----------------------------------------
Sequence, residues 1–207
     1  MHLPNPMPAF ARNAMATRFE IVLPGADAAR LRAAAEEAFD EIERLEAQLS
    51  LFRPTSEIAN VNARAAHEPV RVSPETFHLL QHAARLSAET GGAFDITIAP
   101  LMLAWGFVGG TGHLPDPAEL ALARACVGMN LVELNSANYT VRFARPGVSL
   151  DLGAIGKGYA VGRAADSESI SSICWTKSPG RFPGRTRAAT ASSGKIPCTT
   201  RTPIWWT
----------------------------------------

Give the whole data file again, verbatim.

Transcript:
Sequence, residues 1–207
     1  MHLPNPMPAF ARNAMATRFE IVLPGADAAR LRAAAEEAFD EIERLEAQLS
    51  LFRPTSEIAN VNARAAHEPV RVSPETFHLL QHAARLSAET GGAFDITIAP
   101  LMLAWGFVGG TGHLPDPAEL ALARACVGMN LVELNSANYT VRFARPGVSL
   151  DLGAIGKGYA VGRAADSESI SSICWTKSPG RFPGRTRAAT ASSGKIPCTT
   201  RTPIWWT